For Martina Etemadieh, developing innovative ways of communicating and telling stories for some of the biggest companies around is just another day at the office. As Client Service Director at Select Life, she has a unique approach to innovation, collaborating closely with companies striving to be more forward-thinking in their vision and branding. We caught up with Martina to discuss her thoughts on innovation in the corporate world, and how it, along with creativity and the willingness to take risks, are so critical to the modern company’s success.
Tell us a little bit about your work.
I’m a marketing and communications consultant. I work with teams to support brands, but also help them to develop new ideas and engage in development for products and services. At the moment, everyone aspires to be innovative, creative, or even to be creatively innovative, and part of my job is to coordinate workshops with the clients and to really work on ideas that have innovative potential and to ask what these ideas or strategies will mean for the product and for the development pipeline.
As a marketing consultant, what does innovation mean to you?
It means that an idea or a vision is successfully taken forward, resulting in new products and services that add value for consumers, customers, and employees. Innovation brings change and evolution, and sometimes it is even revolutionary. There are many layers to innovation: from creative problem-solving to developing technological inventions, new products, new services. In the past, innovation was motivated primarily by aiming for growth, productivity, profit, and success. Nowadays there is ideally much more to it, including having a positive impact in the world; making a difference while also being profitable.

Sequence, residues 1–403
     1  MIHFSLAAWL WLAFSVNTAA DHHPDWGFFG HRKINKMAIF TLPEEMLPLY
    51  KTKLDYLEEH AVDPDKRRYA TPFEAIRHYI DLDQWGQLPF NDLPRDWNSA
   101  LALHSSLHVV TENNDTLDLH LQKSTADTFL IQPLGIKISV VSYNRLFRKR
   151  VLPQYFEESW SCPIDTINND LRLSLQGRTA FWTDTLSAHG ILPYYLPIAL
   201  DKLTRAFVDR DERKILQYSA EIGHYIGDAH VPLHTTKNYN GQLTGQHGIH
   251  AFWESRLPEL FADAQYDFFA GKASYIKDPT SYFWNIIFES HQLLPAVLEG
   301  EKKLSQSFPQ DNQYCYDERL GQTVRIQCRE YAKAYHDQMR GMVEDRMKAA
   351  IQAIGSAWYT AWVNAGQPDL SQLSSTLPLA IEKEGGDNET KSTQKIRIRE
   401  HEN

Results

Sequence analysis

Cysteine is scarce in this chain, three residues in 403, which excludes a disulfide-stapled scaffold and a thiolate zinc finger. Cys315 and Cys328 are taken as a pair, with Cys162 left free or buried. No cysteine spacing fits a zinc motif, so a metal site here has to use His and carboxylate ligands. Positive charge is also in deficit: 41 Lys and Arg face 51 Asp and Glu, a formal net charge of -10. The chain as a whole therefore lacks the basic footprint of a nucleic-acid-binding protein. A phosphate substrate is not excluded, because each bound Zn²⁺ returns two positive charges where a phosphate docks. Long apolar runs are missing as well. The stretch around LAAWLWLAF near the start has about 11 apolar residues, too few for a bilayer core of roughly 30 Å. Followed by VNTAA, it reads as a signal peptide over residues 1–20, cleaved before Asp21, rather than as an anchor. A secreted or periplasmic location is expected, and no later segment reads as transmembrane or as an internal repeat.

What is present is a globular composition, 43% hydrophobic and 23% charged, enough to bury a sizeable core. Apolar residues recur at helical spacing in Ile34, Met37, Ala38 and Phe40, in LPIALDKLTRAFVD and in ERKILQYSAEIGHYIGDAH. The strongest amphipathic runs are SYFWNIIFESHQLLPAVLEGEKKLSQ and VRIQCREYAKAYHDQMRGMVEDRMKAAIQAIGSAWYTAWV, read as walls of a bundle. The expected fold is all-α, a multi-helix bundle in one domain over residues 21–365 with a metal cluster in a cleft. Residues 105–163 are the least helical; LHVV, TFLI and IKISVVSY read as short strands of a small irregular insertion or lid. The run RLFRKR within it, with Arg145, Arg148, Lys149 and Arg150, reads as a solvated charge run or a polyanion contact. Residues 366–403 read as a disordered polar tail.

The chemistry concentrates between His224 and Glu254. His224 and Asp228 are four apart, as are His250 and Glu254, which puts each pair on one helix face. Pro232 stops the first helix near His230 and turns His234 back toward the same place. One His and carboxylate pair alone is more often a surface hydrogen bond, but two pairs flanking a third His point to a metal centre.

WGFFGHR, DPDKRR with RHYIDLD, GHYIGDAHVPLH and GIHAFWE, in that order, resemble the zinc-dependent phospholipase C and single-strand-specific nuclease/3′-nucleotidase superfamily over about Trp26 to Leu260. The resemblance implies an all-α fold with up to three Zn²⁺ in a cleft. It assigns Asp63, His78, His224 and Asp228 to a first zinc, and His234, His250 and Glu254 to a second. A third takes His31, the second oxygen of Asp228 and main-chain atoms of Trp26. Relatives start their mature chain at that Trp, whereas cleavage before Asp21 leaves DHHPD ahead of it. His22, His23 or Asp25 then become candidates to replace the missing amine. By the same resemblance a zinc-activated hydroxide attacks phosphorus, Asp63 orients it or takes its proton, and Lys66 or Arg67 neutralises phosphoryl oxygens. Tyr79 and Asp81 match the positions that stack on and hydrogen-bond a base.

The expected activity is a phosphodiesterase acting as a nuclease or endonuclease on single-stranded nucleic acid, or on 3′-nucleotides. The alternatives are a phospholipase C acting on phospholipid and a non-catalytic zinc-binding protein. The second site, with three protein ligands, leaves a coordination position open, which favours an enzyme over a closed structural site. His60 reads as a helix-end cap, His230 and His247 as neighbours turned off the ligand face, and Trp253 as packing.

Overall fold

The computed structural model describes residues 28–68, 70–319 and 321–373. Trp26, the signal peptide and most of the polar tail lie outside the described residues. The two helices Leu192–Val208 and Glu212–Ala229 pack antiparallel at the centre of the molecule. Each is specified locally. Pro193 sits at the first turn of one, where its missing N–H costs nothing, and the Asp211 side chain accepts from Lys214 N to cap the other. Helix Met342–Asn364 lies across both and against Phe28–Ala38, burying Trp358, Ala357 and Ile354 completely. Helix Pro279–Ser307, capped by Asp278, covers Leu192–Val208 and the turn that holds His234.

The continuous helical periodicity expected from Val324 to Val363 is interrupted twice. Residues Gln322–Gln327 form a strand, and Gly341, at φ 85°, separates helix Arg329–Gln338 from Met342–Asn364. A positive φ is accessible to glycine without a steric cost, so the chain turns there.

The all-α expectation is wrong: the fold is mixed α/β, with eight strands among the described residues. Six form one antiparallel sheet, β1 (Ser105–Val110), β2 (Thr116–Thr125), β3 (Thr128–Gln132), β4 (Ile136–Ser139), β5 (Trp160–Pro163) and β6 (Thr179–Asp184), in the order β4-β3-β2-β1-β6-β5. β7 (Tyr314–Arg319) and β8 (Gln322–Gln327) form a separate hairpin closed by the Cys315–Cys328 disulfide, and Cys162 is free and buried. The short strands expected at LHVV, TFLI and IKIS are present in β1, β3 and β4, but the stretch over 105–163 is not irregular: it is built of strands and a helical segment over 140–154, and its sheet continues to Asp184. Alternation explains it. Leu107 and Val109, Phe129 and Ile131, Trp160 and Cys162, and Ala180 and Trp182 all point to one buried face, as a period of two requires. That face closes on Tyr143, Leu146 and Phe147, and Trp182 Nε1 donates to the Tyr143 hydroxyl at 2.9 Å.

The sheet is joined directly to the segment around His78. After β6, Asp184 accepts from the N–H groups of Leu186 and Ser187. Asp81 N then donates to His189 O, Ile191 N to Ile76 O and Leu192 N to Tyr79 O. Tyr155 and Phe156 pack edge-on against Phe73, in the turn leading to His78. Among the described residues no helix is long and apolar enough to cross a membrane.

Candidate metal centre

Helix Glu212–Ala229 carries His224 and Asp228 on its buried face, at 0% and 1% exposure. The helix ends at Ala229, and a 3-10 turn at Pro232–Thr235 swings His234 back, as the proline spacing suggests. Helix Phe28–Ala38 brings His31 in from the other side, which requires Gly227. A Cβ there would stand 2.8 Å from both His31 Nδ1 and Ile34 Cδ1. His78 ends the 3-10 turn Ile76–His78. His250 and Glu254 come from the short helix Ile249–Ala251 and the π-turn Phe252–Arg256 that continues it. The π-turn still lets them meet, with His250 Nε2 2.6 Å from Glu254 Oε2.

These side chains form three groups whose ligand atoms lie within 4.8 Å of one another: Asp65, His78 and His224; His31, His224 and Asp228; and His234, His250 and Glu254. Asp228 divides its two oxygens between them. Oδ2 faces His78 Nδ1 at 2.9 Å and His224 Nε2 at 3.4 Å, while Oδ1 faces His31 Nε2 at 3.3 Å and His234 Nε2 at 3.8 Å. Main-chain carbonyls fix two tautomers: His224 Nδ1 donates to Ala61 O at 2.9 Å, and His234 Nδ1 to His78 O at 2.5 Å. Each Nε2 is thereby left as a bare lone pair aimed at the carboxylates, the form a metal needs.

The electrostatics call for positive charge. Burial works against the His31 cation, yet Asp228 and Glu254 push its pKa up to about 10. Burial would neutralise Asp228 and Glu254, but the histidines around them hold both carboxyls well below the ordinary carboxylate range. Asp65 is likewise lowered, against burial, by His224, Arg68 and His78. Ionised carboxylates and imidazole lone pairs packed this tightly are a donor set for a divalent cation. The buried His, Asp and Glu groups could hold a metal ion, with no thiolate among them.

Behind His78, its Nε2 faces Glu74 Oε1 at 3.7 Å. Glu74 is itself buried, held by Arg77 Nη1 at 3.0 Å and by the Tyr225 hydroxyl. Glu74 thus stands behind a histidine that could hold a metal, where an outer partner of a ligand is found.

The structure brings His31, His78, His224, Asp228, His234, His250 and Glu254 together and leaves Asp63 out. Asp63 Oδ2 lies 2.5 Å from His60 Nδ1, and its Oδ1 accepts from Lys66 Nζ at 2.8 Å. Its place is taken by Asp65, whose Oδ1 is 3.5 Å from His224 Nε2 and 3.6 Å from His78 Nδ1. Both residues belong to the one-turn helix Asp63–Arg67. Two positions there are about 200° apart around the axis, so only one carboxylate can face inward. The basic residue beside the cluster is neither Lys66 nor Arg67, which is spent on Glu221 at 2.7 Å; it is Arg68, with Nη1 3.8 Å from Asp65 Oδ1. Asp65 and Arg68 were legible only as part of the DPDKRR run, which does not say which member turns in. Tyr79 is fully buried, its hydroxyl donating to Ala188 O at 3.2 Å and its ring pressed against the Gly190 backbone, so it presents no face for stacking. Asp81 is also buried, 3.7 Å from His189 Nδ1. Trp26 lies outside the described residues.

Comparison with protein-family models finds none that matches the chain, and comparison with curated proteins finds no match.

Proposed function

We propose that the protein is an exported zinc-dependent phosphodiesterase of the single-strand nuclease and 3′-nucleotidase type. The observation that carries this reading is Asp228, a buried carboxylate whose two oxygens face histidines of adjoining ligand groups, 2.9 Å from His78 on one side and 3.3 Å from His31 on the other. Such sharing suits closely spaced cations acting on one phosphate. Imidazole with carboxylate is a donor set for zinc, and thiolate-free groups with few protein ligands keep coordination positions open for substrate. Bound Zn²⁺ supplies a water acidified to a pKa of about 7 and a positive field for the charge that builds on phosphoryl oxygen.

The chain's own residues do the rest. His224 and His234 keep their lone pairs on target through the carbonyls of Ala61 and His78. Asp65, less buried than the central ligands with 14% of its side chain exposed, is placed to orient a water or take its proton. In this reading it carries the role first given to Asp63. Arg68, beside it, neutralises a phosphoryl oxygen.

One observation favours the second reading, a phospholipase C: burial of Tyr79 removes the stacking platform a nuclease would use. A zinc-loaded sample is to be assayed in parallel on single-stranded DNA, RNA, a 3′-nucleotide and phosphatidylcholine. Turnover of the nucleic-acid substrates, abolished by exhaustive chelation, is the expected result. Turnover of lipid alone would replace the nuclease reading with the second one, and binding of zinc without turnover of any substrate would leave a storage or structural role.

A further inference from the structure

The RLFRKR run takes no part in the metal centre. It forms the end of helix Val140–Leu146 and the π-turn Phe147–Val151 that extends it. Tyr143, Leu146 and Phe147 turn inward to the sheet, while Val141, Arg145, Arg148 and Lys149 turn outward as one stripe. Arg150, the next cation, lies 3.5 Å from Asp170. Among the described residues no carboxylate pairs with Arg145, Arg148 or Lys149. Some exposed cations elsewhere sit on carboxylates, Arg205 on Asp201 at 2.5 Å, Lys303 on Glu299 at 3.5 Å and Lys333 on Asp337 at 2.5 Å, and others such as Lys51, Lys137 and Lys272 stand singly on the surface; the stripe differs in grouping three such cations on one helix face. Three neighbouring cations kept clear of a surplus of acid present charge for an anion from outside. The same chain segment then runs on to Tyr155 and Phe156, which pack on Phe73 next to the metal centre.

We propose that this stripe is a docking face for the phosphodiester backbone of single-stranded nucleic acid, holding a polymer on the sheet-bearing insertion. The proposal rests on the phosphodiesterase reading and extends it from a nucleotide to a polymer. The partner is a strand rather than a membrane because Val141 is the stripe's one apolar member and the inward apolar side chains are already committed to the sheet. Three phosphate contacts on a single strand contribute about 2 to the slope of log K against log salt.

How do you think about innovation in your daily life, with work or otherwise?
When you’re in the creative industry, coming up with innovative ideas is essential. At Select Life, innovation allows us to help our clients communicate with their customers in meaningful ways: adding value and quality to their lives. Innovation is important for us internally as well: identifying trends and client/customer needs, and then creating change through innovative structures or unique collaborations in our agency set-up. It forces us to develop, grow, and thrive.
Innovation is often linked to digitization these days. What are your thoughts on the overlaps? Does innovation take on a different meaning in a digital context?
Yes, innovation takes on an entirely new meaning in a digital world. We are now living in the Digital Age, and big players like Amazon, Uber, and Airbnb have built their business models on it. Our economy is now based on technology and computerization. Not only are the technological possibilities much broader, but the distribution, proliferation, and communication concerning them are immediate, spreading news about them within minutes.